E.J. Manuel vs. Rex Ryan: Through two weeks, E.J. Manuel has taken one sack. To a certain extent, that is by the opposing defensive design, as NESN's Doug Kyed wrote that the Patriots "didn't bring much pressure...rarely blitzing. The goal was to contain Manuel's legs as much as it was to pressure the rookie." The Panthers also failed to bring the pressure, as their edge rushing duo of Charles Johnson and Greg Hardy registered 2 pressures between them. Some credit must go to Manuel, of course, as he has shown good pocket awareness at times and has gotten rid of the ball before the pressure could get to him. However, a quick look at the film indicates that he isn't playing as well as the (admittedly impressive) stats look. Aside from a bad interception against the Panthers, Manuel made a few other bad throws that were lucky to not be intercepted (including a throw where wide receiver Robert Woods took an offensive pass interference to prevent the interception). Manuel is a rookie quarterback with only two games of experience under his belt, and rookies tend to make mistakes when pressured. Rex Ryan has again created a dominant defense, and will undoubtedly present Manuel with some looks that he has never seen before. The Jets will need to respect Manuel's athleticism and scrambling ability, but putting some pressure on the rookie quarterback could help in the all-important turnover battle.

Players to Watch: While I believe that getting the running game going will be critical to the Jets' success this Sunday, I'm going to be watching Geno Smith to see if he can rebound after a sub-par performance against the Patriots. I thought that Geno played reasonably well for the majority of the game, but obviously his 4th quarter left much to be desired. Can he bounce back against a team with a great pass rush? Can he overcome his receivers' lack of concentration and stone hands? If he comes back with a vengeance, we may have to rethink the ceiling of this team. Another player that I will be watching is Vladimir Ducasse, the suddenly revitalized left guard in his first season as a starter. He will be going against two very talented players in Marcell Dareus and Kyle Williams—the latter being one of the best defensive linemen in the league. In years past, hearing those names alongside Ducasse's would make any sane Jets fan shudder, but Vlad has already faced off against two Pro-Bowlers in Gerald McCoy and Vince Wilfork, and has more than held his own. Against the Patriots, Vlad looked downright dominant at times, showing a tantalizing mix of athleticism and strength throughout the night. PFF's Ben Stockwell praised Ducasse's performance after the game:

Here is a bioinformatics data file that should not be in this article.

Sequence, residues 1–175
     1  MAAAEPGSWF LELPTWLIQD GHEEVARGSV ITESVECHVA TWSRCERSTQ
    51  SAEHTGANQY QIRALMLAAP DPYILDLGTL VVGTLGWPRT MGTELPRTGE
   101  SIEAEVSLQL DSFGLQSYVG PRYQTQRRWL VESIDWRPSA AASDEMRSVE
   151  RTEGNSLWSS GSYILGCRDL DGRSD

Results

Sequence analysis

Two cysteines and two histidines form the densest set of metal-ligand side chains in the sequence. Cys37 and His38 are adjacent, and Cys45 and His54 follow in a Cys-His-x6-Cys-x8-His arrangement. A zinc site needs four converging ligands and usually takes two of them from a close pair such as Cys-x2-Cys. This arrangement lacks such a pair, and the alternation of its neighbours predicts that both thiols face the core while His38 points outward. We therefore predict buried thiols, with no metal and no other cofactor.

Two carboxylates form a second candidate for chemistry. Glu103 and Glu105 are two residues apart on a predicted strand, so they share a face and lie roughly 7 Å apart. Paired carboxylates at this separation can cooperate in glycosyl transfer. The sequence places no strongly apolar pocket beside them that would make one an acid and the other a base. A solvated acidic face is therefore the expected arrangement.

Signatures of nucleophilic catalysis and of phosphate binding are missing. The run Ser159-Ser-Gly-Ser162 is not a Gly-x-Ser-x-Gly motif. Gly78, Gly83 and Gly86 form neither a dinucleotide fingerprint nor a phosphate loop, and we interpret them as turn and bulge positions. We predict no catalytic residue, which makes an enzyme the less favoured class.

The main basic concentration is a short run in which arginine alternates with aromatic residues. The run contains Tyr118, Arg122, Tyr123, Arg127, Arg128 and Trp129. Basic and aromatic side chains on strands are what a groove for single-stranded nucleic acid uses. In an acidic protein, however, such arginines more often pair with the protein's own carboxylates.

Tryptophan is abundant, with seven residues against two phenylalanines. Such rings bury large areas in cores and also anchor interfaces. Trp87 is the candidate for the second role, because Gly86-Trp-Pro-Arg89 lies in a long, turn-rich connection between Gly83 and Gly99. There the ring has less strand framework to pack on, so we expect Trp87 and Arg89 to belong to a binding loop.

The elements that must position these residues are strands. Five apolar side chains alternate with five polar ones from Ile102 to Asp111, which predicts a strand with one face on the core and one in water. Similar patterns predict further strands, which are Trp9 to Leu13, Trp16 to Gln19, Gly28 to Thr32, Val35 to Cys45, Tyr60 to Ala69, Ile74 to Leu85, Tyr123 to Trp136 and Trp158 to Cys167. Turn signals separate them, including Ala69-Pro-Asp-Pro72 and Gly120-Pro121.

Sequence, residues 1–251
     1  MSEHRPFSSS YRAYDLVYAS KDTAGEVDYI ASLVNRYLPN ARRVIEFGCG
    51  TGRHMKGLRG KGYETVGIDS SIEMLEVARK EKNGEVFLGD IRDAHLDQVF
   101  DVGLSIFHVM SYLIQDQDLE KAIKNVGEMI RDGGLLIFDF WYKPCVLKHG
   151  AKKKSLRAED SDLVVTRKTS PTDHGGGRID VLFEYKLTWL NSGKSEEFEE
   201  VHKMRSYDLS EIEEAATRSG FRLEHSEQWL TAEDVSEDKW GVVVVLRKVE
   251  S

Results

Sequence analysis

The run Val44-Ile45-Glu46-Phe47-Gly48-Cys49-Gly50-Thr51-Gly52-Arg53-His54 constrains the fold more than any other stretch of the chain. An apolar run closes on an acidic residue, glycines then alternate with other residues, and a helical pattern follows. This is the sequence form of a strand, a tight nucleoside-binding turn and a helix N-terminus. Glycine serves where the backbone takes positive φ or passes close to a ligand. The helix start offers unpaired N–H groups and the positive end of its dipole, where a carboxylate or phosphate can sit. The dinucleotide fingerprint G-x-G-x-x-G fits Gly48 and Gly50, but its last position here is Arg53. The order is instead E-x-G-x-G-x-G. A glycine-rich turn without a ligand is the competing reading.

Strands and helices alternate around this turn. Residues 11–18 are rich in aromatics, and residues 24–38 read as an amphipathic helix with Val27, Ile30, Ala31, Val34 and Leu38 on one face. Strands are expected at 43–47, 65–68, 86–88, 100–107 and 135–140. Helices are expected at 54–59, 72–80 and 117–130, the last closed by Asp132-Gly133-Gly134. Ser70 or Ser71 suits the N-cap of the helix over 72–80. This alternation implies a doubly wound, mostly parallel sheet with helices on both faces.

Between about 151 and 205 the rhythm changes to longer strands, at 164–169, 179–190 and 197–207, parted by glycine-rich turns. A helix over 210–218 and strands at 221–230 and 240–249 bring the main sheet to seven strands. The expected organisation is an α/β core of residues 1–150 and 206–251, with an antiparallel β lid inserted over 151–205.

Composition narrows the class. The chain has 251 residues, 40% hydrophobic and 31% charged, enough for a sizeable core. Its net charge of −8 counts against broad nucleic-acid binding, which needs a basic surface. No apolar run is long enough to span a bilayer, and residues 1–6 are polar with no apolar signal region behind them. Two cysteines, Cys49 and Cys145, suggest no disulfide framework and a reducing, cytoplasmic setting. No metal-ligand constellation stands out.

Midway through the second quarter I thought we might have been looking at one of the best displays from a guard in recent seasons from the Jets' Vladimir Ducasse. As it was, his performance slipped away in the second half of the game but his +2.5 overall grade marks out the best performance of his career...Ducasse got the game underway with some terrific run blocking against a variety of defenders, but most notably against Vince Wilfork. In line, he principally did his work sealing, and often driving, defenders to his outside but also climbed up to the second level to seal Jerod Mayo on a couple of occasions.

-per Ben Stockwell, via Pro Football Focus

As mentioned before, establishing the run will be very important for the Jets this Sunday. A big game from Ducasse would open the holes for Ivory and Powell to carry the Jets to victory.